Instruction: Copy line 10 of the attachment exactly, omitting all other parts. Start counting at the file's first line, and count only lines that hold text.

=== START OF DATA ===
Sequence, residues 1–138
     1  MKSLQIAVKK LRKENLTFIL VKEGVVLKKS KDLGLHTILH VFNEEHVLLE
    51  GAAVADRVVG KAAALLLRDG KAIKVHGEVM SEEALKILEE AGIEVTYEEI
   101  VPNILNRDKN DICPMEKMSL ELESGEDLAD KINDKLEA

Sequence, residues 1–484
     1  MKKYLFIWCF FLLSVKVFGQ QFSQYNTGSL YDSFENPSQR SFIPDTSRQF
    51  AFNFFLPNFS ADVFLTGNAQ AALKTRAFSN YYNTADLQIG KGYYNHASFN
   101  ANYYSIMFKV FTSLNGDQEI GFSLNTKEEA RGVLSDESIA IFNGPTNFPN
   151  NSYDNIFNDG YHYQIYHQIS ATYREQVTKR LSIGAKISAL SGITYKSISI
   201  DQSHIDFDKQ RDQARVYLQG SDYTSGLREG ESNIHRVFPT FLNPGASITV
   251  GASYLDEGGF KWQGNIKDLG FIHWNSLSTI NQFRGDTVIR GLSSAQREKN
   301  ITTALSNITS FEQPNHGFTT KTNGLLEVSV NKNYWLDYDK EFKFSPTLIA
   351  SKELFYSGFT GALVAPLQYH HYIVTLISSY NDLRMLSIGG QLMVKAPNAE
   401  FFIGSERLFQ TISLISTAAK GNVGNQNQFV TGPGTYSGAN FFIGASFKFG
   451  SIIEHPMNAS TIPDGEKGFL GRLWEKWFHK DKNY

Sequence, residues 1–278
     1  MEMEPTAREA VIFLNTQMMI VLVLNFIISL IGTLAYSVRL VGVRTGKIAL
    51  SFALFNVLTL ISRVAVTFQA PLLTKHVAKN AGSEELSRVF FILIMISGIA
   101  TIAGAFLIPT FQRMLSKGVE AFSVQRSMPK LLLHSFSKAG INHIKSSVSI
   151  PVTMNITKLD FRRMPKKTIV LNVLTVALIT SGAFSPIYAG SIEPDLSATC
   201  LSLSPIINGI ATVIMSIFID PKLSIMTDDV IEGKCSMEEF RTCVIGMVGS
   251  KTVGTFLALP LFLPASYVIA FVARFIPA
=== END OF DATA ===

   201  DQSHIDFDKQ RDQARVYLQG SDYTSGLREG ESNIHRVFPT FLNPGASITV